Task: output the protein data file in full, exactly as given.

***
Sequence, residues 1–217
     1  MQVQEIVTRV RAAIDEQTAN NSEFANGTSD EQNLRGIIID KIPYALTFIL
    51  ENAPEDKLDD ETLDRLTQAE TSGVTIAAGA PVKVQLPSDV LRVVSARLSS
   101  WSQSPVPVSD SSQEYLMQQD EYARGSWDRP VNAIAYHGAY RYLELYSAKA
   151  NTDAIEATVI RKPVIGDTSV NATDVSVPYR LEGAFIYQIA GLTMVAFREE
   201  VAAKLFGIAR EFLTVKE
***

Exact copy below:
Sequence, residues 1–217
     1  MQVQEIVTRV RAAIDEQTAN NSEFANGTSD EQNLRGIIID KIPYALTFIL
    51  ENAPEDKLDD ETLDRLTQAE TSGVTIAAGA PVKVQLPSDV LRVVSARLSS
   101  WSQSPVPVSD SSQEYLMQQD EYARGSWDRP VNAIAYHGAY RYLELYSAKA
   151  NTDAIEATVI RKPVIGDTSV NATDVSVPYR LEGAFIYQIA GLTMVAFREE
   201  VAAKLFGIAR EFLTVKE